I lost everything as a result of a last minute panic attack. 

I obtained my doctorate from Oxford University, England.  At Oxford, you had to belong to the university as well as one of its many colleges, and you had to pay fees to both institutions. 

I was adamantly opposed to this system.  As a doctoral student, I did practically nothing in my college.  My professors and supervisors were not in my college.  I did not live on college grounds.  So why should I be required to pay college fees? 

Sometimes, I was invited to “wine and cheese” parties at the college.  But how much wine and cheese could I consume to justify my fees?  So I paid my university fees but refused to pay my college fees.  Instead, I put the money in a bank account.  With every request, I told the college I was from a poor Third World country.  Why should I be expected to pay double fees when the college had nothing to offer me?


Panic attack

This went on for an extended period of time while I remained adamant that paying fees to St. Catherine’s College was a rip-off.  Then one day, I was ordered to see the Master of the College on the question of my outstanding fees. 

When I got the summons, I panicked.  “The Master of the College,” I exclaimed.  I did not know my protest would get that far.  I hurriedly wrote a cheque and paid the outstanding college fees. 

Imagine my surprise when I discovered I was required to see the Master because a decision had been taken to waive my fees on compassionate grounds.  I lost everything as a result of a last minute panic attack. 

Jesus says: “He who stands firm to the end will be saved” (Matthew 10:22).


Helping God

The date was June 11, 1994.  There was a prayer-meeting in my house because we wanted to avert trouble the next day.  The next day, June 12, was the anniversary of the annulment of perhaps the only election ever in the history of Nigeria that was free and fair.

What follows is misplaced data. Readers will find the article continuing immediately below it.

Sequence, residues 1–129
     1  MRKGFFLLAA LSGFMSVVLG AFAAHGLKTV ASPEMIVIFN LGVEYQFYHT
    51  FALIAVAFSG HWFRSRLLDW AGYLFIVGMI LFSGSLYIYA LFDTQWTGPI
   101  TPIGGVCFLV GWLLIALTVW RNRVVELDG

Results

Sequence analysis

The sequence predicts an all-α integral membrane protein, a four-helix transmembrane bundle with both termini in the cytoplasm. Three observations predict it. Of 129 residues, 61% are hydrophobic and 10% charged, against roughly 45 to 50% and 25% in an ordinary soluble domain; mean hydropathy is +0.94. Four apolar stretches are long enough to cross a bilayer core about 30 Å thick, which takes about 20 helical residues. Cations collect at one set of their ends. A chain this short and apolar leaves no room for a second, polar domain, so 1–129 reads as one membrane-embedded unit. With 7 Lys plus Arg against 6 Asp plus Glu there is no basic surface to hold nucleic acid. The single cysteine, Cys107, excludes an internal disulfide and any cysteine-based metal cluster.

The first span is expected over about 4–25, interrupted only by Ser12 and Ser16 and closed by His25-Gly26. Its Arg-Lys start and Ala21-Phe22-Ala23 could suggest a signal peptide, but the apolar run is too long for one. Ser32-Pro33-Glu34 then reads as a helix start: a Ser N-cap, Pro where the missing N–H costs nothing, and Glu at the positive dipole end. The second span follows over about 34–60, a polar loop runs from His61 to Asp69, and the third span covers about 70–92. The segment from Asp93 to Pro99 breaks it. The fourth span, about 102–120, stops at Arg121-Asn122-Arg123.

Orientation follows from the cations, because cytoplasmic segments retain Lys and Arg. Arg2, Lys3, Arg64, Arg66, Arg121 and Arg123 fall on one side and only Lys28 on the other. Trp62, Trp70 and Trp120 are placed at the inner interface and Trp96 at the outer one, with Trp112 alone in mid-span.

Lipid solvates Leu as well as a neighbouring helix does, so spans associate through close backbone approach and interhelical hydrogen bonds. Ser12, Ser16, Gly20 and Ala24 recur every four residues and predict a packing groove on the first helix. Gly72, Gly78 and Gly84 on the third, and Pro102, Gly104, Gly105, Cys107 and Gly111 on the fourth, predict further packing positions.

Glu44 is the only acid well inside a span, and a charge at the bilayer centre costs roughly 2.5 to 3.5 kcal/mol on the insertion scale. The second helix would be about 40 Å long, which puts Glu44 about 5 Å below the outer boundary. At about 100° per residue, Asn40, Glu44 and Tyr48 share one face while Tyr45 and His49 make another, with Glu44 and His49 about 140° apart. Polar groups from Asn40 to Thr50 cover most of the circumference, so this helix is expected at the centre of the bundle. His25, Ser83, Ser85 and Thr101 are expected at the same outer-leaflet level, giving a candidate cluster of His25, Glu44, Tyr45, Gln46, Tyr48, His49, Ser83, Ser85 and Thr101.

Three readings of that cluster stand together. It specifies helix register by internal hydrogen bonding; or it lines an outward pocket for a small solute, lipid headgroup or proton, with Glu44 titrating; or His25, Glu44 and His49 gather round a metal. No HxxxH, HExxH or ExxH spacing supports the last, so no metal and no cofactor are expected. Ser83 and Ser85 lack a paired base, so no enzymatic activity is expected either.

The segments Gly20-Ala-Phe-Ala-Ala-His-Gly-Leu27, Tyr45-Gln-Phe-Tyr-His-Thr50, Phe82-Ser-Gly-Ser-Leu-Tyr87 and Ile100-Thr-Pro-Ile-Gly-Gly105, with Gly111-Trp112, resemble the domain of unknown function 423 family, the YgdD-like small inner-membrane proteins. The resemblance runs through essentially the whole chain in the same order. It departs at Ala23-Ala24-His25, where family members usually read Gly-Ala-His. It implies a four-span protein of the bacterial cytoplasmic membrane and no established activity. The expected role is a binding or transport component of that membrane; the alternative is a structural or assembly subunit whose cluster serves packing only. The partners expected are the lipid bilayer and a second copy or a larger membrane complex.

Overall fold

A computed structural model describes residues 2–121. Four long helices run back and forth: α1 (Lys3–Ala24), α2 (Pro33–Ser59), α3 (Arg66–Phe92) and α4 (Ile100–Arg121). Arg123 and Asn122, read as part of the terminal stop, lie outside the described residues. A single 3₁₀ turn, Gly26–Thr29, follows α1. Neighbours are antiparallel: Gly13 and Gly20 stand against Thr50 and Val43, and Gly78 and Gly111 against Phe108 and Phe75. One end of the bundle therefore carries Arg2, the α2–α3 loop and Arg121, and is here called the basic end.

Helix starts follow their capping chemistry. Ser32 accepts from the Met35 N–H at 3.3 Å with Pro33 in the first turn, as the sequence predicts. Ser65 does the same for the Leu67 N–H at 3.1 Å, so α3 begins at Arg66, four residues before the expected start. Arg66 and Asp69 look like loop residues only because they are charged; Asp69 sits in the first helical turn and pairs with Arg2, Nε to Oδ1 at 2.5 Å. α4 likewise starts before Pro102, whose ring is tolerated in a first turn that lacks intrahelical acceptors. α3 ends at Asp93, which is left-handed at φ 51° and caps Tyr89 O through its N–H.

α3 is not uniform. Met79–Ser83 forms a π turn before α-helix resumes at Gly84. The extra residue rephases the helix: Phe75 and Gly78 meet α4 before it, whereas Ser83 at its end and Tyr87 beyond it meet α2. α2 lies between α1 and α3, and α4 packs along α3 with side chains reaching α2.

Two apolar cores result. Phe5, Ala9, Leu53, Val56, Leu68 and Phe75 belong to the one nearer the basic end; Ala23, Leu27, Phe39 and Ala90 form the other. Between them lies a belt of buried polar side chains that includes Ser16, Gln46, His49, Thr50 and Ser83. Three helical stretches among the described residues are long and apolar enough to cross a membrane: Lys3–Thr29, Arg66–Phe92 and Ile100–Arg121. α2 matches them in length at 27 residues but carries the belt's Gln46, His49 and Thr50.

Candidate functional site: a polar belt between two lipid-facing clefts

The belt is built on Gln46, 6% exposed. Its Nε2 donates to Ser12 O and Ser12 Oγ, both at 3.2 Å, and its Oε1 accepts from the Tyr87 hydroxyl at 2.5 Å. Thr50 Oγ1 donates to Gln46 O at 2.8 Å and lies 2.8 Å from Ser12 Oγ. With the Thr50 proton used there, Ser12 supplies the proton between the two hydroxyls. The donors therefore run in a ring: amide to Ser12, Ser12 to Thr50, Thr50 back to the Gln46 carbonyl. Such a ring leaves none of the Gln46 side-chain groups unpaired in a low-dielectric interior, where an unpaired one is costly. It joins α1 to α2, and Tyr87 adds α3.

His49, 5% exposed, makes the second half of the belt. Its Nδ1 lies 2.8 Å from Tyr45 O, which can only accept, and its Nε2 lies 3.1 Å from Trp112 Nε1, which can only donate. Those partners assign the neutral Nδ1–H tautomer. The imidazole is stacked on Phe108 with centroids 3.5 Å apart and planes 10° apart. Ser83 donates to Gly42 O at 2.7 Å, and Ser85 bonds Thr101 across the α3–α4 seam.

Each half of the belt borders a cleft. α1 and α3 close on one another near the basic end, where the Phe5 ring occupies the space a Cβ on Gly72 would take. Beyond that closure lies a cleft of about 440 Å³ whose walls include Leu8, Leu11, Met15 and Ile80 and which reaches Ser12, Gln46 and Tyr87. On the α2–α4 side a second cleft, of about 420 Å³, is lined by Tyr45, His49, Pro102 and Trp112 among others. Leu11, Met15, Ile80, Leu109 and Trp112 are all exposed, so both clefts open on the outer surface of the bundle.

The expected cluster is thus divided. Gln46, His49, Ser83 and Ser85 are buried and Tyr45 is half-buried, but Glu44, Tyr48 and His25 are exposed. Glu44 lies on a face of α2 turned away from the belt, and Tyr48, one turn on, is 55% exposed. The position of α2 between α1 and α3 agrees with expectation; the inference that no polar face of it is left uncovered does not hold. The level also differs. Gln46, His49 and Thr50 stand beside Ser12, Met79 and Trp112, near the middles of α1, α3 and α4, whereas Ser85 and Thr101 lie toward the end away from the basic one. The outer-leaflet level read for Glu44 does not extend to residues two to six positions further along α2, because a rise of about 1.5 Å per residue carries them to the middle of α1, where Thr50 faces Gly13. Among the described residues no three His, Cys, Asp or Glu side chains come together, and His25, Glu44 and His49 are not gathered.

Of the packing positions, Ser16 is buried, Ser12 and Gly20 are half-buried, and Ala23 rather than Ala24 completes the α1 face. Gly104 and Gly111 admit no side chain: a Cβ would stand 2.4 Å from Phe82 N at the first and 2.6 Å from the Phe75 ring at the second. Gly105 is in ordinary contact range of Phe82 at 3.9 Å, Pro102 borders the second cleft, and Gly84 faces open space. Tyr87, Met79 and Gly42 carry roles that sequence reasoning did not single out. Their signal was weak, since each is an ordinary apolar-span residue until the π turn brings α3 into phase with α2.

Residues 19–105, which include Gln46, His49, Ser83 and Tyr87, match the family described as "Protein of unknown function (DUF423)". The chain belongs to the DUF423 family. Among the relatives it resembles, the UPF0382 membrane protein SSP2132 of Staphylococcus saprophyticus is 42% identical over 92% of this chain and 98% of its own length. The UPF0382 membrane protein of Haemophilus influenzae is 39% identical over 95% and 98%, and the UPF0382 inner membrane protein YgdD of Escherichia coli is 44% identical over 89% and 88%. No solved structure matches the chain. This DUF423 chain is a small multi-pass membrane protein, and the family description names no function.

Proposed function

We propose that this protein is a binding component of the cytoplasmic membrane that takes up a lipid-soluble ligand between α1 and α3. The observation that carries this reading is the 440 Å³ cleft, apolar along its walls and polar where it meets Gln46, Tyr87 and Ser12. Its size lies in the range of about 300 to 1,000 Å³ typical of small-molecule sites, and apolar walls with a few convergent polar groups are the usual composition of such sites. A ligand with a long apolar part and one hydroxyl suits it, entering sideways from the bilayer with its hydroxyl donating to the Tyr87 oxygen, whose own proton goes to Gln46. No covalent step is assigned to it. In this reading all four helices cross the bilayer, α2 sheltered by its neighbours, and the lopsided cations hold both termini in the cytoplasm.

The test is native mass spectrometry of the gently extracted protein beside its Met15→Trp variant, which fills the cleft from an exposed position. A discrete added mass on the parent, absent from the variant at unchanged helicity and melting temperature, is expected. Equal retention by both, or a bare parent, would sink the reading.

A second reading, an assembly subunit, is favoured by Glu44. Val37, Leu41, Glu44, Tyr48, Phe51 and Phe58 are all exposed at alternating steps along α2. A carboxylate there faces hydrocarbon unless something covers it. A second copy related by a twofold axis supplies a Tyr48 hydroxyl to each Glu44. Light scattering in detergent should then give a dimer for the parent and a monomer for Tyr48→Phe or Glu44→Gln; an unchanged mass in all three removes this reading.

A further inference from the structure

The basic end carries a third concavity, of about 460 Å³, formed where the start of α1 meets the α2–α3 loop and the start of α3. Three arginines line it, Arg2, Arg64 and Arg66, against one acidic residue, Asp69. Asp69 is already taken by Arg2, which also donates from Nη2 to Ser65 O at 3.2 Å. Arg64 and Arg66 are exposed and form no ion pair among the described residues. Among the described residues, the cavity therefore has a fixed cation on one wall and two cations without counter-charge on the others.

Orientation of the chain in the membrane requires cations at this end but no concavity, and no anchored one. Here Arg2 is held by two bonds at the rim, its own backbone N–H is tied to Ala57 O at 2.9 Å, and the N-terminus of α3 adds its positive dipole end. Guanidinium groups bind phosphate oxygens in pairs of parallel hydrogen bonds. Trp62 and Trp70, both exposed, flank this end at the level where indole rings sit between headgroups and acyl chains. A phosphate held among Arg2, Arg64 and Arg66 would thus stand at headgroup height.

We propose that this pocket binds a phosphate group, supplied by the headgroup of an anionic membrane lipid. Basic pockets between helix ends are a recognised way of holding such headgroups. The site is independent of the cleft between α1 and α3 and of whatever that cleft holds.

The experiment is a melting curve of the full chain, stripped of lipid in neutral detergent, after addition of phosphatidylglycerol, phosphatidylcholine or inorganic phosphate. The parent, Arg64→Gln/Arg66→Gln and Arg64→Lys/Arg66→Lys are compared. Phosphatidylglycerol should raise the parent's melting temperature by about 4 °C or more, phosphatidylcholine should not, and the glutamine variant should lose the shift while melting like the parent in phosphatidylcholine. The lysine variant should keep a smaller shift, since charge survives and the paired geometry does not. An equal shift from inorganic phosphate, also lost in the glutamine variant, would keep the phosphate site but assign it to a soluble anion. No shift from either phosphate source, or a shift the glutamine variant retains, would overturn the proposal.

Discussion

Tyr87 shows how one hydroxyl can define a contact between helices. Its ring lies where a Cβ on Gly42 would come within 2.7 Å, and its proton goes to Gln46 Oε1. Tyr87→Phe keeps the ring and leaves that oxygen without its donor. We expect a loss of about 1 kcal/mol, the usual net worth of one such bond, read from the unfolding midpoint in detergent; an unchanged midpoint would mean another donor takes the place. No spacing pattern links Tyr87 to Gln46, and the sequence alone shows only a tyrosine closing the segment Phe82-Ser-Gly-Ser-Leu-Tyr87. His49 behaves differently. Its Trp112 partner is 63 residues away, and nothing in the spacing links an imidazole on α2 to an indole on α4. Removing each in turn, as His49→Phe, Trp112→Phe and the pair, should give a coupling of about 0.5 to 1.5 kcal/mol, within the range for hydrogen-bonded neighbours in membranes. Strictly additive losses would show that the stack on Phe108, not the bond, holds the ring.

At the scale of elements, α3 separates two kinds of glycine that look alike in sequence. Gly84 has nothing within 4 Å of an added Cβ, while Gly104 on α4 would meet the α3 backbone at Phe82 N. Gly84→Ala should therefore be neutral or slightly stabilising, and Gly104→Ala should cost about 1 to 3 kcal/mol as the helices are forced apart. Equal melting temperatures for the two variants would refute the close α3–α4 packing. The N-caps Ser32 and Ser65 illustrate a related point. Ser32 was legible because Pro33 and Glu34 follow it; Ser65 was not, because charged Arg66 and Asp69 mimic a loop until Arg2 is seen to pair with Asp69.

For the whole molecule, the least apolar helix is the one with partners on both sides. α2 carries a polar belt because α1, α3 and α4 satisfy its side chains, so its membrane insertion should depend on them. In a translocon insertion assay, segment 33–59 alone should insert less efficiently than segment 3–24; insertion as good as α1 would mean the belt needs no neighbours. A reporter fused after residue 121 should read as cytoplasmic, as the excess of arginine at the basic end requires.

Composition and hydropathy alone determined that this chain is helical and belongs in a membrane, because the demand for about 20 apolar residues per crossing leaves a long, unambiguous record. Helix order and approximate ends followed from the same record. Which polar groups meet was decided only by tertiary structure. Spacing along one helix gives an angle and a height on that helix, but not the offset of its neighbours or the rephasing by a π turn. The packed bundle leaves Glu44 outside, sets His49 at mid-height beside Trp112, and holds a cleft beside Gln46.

Suddenly, Margaret Vogt came in.  As I looked at her, the Lord said to me: “Femi, tell Margaret I am going to promote her.”  I did.  We gathered around her and prayed: “Father, thy will be done.”

A few weeks later, the Lord sent me back to Margaret with a very strange message.  “Thus says the Lord, I said I will promote you.  So why are you running around.  Are you the one going to do it, or am I?” 

It was as if I had poured ice-cold water on Margaret.  “I thought I had to do something,” she responded with contrition.  “So I went to see General Diya.”  But God does not need our help in order to help us.  A god that needs help is no God. 

Soon afterwards, Margaret was invited to a conference by the International Peace Academy in New York.  The Lord said to me: “Femi, buy her a ticket, she will pay you back the money.  But tell her she is not going for a conference; she is going for a job.” 

So I bought Margaret a ticket and she went to New York.  A few days later, she phoned her husband and told him to give me the news.  She had been offered a job by the Peace Academy.  She spent the next several years there and has since transferred to the United Nations. 

God says: “I am the Lord, that is my name; and my glory I will not give to another, nor my praise to graven images” (Isaiah 42:8).


The Good Samaritan

Buwa Nko-Tariah, was travelling from Port Harcourt to Lagos.  He committed the trip into the hands of God.  Nevertheless, armed robbers waylaid his bus on the way.  They stripped all the passengers of their belongings and made a clean getaway.  When he got to Lagos, Buwa complained to God: “I asked you to protect me, but you did not.  I committed the trip into your hands, and yet we were attacked.” 

Buwa said the Holy Spirit’s answer shut him up quickly.  He said: “You asked me for protection to go from Port Harcourt to Lagos.  Are you not in Lagos now?” 

The message is as clear as crystal.  God’s protection is not an insurance against attacks.  It means, however, that attacks will ultimately amount to nothing.  If it had not been for God, Buwa might have been killed on the way to Lagos.

“For thus says the Lord God, the Holy One of Israel: ‘In returning and rest you shall be saved; in quietness and confidence shall be your strength’” (Isaiah 30:15).

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